Version tested: PlayStation 3
Are you ready to rock? Again? With more peripherals? Of course you are. But is it as good as it obviously should be?
Rock Band is the most ambitious music game ever. You can sing, you can play guitar and you can drum, but most importantly you can get some friends round and do all three at once - with a fourth role for a bass player if you decide to buy a second guitar peripheral.
The initial reaction is that each discipline could stand up as its own game. Guitar-playing is a natural evolution of Guitar Hero: you still hold the fret button specified and strum as it passes through a bar at the bottom of the screen, and you can build up star power (sorry, "Overdrive") by playing certain sequences of highlighted notes flawlessly and then holding the neck aloft. But now you can also drop your left hand to a quintet of smaller frets closer to the body of the guitar to dance your fingers through complicated solos, and occasionally songs end with an unscripted finale that encourages you to cram in as much thrashing as possible before ending on a particular chord.
Vocals, meanwhile, replicate the SingStar approach. As lyrics scroll past, an undulating line illustrates the pitch and rhythm and a small arrow indicates whether you're above or below it as you croon into the bundled microphone. Unlike SingStar, though, you're sometimes asked to tap the microphone head at specified intervals as though it were a tambourine, and you're able to activate a points-multiplier by shouting during periods of inactivity.
Inevitably the drums are the biggest novelty. Most people who splurge the USD 170 on Rock Band (the UK price is still to be determined) will have experienced Guitar Hero, and if not SingStar then probably Karaoke Revolution, but games like DrumMania are still Japanese-only oddities for console owners and fleeting pleasures for people who still brave the arcades. Rock Band supplies a four-pad drum-set with a kick-pedal, and offers a Guitar Hero-esque control system: as icons move down a familiar fret-bar, you smash the corresponding drum in time, reaching for the kick-pedal when faced with a yellow line under all four frets.
Played alone, there's a solo mode for each instrument, where you unlock songs in groups of five, and in a nice touch Harmonix has arranged the tracks in a different order for each discipline, reflecting the differing scales of difficulty. Played co-operatively with one, two or three other people, however, the screen fills comfortably with displays and the performance is more satisfying for its multiple facets. You feed off each other's energy during verses and choruses, strutting and grinning as spells of inactivity provide an opportunity to observe your band-mates caning plastic.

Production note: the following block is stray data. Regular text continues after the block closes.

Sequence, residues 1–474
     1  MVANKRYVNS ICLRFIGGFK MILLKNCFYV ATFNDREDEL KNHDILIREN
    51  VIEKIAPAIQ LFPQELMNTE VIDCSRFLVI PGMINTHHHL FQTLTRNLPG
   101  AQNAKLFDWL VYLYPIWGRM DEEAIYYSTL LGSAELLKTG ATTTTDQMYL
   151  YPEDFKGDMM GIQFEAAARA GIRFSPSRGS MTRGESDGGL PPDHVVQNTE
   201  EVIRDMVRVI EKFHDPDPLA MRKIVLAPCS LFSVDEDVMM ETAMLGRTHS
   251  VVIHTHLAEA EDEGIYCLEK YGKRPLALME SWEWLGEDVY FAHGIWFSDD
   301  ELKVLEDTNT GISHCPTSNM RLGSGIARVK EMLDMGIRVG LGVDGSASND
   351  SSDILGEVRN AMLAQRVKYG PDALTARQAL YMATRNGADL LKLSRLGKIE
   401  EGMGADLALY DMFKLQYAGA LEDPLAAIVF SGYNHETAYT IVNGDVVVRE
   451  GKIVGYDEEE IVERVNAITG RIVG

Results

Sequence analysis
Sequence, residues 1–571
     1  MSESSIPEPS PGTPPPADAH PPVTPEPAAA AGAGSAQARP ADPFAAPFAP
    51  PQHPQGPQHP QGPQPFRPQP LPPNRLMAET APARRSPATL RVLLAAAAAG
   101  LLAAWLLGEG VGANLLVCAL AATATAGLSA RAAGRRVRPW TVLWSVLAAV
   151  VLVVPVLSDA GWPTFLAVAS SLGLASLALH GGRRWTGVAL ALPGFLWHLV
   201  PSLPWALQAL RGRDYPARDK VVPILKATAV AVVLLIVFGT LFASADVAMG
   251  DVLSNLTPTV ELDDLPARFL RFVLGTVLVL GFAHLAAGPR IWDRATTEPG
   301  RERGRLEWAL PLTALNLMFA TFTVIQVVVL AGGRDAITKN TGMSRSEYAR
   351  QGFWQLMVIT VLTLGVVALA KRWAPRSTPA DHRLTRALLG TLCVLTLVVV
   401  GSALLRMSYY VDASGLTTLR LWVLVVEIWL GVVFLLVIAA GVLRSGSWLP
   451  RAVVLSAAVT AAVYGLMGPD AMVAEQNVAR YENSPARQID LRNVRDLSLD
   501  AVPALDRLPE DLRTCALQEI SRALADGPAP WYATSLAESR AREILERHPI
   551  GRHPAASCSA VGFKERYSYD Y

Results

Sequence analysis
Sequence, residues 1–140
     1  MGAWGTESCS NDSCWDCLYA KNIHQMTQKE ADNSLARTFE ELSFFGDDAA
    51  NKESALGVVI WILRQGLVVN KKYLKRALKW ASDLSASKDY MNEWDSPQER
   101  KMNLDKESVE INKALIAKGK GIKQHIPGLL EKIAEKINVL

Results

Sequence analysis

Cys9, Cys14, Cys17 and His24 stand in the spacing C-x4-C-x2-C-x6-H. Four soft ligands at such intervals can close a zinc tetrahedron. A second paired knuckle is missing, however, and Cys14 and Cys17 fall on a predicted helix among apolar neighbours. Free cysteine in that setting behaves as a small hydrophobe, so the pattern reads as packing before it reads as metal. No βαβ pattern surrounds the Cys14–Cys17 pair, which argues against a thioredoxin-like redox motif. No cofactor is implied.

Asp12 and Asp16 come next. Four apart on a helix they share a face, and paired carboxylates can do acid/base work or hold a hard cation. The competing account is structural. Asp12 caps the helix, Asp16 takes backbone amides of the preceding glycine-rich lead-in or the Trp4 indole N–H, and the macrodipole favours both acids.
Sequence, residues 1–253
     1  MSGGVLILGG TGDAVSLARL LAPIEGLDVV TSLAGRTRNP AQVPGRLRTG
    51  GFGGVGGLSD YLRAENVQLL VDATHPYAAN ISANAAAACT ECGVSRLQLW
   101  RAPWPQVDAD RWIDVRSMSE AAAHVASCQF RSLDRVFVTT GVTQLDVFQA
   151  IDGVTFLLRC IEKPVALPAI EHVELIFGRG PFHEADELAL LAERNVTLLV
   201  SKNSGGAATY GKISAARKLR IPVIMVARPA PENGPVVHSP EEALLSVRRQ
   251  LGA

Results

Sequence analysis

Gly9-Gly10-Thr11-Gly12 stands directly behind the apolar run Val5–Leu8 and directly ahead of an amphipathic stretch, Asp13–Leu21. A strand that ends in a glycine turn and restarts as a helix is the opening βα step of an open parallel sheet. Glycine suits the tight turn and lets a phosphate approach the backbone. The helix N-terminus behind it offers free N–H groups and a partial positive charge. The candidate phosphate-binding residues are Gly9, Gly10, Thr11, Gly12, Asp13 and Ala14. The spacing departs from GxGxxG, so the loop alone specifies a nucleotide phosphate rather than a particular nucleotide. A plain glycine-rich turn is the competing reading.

The track listing is unsurprisingly epic and crowd-pleasing. You might expect that from music industry super-giant MTV, which now owns developer Harmonix, but if your comparison is Guitar Hero then the reason is simpler than a change of pay-scales: these are songs designed to appeal whatever the instrument, rather than guitar specialties. There are 45 licensed tracks in the box, along with 13 bonus songs of less repute, and you're unlikely to encounter a friend who doesn't smile at more than a few. Radiohead, Bowie, Nirvana, the Chilli Peppers, Foo Fighters, Metallica, The Pixies, Weezer, Beastie Boys, Bon Jovi - most are huge names, and even the contemporary choices are pretty well judged, including the likes of OK Go and The Killers.
As usual, there's a scale of difficulty that should open the game up to anyone. Plastic-guitarists with experience can go straight to Hard or Expert and rip through power-chords and complicated solos, and the SingStar-esque reliance on pitch and rhythm rather than specific octaves opens that side of the game up considerably too. New-coming drummers may need more time to adjust, but there are sensible concessions there too: the kick-pedal is important to learn quickly, but the game initially plays to the beginner's natural impulse to combine a foot movement with a drumming motion, leaving room for improvement.
If your intention is to form a group with your friends and play together regularly, then Rock Band is simply brilliant. Band World Tour, where Harmonix has spent most of its time, allows you to assemble in your living room and tour a virtual world, creating custom rock personas, playing in dozens of venues and building up fan-base, cash and rewards. It uses specific challenges, double-or-nothing sets and unpredictable playlists to keep things interesting.
It also does a good job of getting you to play together. There are team Overdrives, Unity Phrases that involve everyone perfecting a sequence at once (except the vocalist, who can mop brows or spark up a Marlboro or something), and Overdrive can also be used to rescue team-mates. Sorry, band mates. You ride together, you die together. Especially since you can't continue to make progress after a certain point unless everyone (including the rubbish drummer) has graduated to a higher difficulty level. Practice is the order of the day, and practice together is best, since you often benefit from mapping out where best to use Overdrive.
As usual, the crowd goes wild in the background as you play (and even sings along nowadays when you're doing particularly well), and while Harmonix obviously couldn't re-use Guitar Hero's charming visual style, the alternative proposed here is classy and likeable. Characters have the same customisability, and background stage shows are more detailed - presented in slightly grainy fashion, with lots of neat visual flourishes like a body-mounted guitar view to frame finger movements. Venues and characters compare favourably to the developer's earlier work, and the loading screen slogans are no longer played for laughs, instead offering trivia. There are only so many Spinal Tap quotes you can use, after all.